It has long been recognized that the advent of vascular plants in the Paleozoic must have changed silicate weathering and fundamentally altered the long-term carbon cycle. Carbon cycle models are frequently employed to quantify the effect of this state change in the Earth system. These models have suggested that plants likely played a key role in modulating atmospheric CO 2 in the past, with the largest plant-induced changes to the system in the late Paleozoic. These studies have, for the most part, focused on the effects of plants on weathering via their impacts on the soil environment. Yet, plants also modify the hydrological cycle, which may also have had implications for global weathering. Here, we evaluate the consequences of plant evolutionary innovation that have not been previously incorporated into carbon cycle models by coupling a one-dimensional vapor transport model to a reactive transport model of silicate weathering. Using this cascade of models, we investigate: 1) how evolutionary shifts in plant transpiration may have enhanced silicate weathering through increased downwind transport of water vapor to continental interiors; 2) the importance of deeply-rooted plants and their associated microbial communities in increasing soil CO 2 and weathering zone length scales; and, 3) the coupled effect of these two processes on weathering rates. The hydrologic balance for our modeling approach is framed by energy/supply constraints (encapsulated through Budyko relationships) calibrated for minimally vegetated-, vascular plant forested-, and angiosperm-worlds. Using constraints for atmospheric vapor-transport over continents and terrestrial weathering fluxes, we find that the emergence of widespread transpiration and associated inland vapor recycling associated with the advent of deep-rooted vascular plants over the later Devonian increases weathering solute concentrations by a factor of 1.64 to 2.39 for a fixed atmospheric CO 2 . The later domination of ecosystems by angiosperms in the late Cretaceous and Cenozoic, and the subsequent increase in transpiration fluxes, increased weathering solute concentrations by 7 to 55 percent leading to a cumulative total increase in weathering solute concentrations by a factor of 1.70 to 2.55. Partitioning of the vapor recycling effects and feedbacks on the weathering thermodynamics indicates that 55 percent of the increases in weathering concentrations are due to the thermodynamic effects of soil CO 2 with the remaining 45 percent attributable to hydrologic effects. Our estimates of the relative changes in weathering solute concentrations caused by land plant evolution are of a similar magnitude to relative flux scaling relationships implemented in existing carbon cycle models such as GEOCARBSULF (Berner, 2006), COPSE (Bergman and others, 2004), and GEOCLIM (Le Hir and others, 2011). As Phanerozoic plant evolution resulted in a more efficient generation of weathering solutes, a weaker dependence of silicate weathering on physical forcing factors such as temperature, pH of rainwater, tectonics, and prevailing lithology, must have resulted. Consequently, we postulate that terrestrial plant evolution likely contributed to a more stable climate system over the Phanerozoic.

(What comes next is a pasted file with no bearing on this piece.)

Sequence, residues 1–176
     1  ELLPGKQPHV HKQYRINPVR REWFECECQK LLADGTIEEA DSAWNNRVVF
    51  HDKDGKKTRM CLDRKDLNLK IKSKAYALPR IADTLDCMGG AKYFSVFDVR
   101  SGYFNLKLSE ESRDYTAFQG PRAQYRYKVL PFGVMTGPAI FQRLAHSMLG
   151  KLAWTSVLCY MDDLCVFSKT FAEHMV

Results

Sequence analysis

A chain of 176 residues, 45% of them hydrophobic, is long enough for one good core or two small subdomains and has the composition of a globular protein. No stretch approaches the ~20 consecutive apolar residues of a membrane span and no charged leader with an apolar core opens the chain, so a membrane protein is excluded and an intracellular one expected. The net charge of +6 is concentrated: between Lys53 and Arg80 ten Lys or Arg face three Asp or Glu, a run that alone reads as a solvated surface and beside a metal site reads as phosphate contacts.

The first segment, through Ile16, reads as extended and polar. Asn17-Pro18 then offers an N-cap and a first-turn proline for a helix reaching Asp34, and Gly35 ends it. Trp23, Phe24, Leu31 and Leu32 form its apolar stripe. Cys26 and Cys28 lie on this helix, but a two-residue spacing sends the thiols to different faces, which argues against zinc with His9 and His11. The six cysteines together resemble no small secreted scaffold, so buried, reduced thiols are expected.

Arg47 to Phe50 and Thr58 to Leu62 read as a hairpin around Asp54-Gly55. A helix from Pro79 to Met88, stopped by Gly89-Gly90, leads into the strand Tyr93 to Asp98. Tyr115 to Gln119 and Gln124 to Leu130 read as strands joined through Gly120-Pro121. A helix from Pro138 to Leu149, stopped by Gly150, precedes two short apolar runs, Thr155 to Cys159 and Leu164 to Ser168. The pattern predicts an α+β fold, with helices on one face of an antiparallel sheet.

All Science Journal Classification (ASJC) codes
- Earth and Planetary Sciences(all)